The psalms are raw in their emotions. When there is sorrow and anguish, we see it. When there is joy and happiness, we see it. And in Psalm 137 we see despair and rage:
Alongside Babylon’s streams,
there we sat down,
crying because we remembered Zion.
2 We hung our lyres up
in the trees there
3 because that’s where our captors asked us to sing;
our tormentors requested songs of joy:
“Sing us a song about Zion!” they said.
4 But how could we possibly sing
the Lord’s song on foreign soil?
5 Jerusalem! If I forget you,
let my strong hand wither!
6 Let my tongue stick to the roof of my mouth
if I don’t remember you,
if I don’t make Jerusalem my greatest joy.
7 Lord, remember what the Edomites did
on Jerusalem’s dark day:
“Rip it down, rip it down!
All the way to its foundations!” they yelled.
8 Daughter Babylon, you destroyer,
a blessing on the one who pays you back
the very deed you did to us!
9 A blessing on the one who seizes your children
and smashes them against the rock!
Does this mean that the Bible advocates killing the children of enemies? Absolutely not. What this means is that the biblical writers have faithfully recorded what people actually felt and actually prayed at the time of Jerusalem’s destruction and the captivity in Babylon in 586 BC.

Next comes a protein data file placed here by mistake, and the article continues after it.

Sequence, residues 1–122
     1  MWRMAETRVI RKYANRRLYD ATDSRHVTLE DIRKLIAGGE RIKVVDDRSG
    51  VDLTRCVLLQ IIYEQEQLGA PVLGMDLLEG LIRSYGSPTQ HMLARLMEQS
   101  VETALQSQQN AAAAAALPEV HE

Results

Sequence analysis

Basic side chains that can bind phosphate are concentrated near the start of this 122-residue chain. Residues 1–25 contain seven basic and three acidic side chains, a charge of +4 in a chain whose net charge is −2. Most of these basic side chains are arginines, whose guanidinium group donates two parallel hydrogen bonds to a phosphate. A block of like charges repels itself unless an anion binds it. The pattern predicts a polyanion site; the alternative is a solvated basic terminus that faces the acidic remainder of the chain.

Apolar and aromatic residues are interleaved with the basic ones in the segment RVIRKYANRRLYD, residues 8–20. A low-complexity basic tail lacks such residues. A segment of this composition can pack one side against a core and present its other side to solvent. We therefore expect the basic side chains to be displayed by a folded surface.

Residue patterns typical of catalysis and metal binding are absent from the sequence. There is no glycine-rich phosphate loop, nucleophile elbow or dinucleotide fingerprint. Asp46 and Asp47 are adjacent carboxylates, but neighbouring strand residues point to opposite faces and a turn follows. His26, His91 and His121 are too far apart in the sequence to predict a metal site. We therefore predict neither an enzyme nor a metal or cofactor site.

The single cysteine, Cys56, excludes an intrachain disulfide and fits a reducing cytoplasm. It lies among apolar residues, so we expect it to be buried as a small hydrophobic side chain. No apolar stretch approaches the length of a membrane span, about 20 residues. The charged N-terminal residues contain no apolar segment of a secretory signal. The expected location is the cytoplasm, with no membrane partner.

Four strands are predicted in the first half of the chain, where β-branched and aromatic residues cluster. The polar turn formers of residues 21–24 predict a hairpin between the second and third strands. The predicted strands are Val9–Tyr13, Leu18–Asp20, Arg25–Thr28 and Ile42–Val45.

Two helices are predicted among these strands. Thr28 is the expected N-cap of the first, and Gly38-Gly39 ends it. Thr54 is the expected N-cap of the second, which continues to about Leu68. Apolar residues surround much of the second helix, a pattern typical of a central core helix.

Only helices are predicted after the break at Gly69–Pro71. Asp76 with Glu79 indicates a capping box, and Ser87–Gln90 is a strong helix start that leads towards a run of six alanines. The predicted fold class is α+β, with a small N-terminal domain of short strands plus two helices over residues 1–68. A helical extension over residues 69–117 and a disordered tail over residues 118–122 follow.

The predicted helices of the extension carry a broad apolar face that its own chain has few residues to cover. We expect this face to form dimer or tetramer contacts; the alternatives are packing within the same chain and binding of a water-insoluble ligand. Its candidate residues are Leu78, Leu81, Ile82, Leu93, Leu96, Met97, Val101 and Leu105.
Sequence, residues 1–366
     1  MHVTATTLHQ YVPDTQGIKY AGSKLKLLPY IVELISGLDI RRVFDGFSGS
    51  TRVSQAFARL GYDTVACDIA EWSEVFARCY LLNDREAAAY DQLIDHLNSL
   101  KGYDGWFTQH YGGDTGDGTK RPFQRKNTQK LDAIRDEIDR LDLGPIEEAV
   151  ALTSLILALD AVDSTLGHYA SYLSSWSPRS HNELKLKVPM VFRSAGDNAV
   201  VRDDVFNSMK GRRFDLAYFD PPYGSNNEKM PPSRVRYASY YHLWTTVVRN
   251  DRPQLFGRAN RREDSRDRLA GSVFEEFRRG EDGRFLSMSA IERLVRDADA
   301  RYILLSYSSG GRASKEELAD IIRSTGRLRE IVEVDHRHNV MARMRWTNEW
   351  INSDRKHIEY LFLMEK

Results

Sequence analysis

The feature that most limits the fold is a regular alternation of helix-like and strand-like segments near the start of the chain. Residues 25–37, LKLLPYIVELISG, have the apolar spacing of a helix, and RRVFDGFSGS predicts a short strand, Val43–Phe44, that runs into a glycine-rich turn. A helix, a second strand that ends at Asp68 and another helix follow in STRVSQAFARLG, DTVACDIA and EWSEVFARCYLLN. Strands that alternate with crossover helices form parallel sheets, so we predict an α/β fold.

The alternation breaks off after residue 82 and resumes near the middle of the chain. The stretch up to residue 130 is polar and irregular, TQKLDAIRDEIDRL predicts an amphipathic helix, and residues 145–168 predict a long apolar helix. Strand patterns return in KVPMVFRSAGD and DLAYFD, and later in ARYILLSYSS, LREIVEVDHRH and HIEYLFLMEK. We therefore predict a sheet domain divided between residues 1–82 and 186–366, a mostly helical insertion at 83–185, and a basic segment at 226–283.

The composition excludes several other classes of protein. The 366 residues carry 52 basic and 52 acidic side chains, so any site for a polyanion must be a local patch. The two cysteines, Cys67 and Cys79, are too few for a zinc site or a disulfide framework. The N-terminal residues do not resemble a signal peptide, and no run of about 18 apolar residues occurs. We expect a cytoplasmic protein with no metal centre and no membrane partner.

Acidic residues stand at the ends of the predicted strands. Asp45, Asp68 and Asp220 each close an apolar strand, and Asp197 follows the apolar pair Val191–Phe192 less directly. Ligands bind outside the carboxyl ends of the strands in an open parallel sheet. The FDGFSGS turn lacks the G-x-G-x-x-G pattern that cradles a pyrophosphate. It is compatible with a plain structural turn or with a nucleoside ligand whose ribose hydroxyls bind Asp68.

Our faith is not a sanitized faith. We have it in the midst of real-life struggles, tragedies, triumphs, and joys. And God is big enough to handle whatever we feel. Of course feelings like these, if they lead to actions like these, would be sin. Yet that does not negate the fact that sometimes we feel despair and rage.
If you are in a place of despair and rage in your life right now, follow the psalmist’s lead and cry out to God. But remember, the entire Bible is not contained within this one psalm. Neither should our prayers of anguish and anger and despair be left alone. If this is where you are in life right now, know that there is a reason Psalm 137 is surrounded by other psalms of praise and joy. God delivers, blesses, and vindicates us. Our part in this is to cry out to God and believe he will act. Read Psalms 136 and 138 and see the answers to Psalm 137.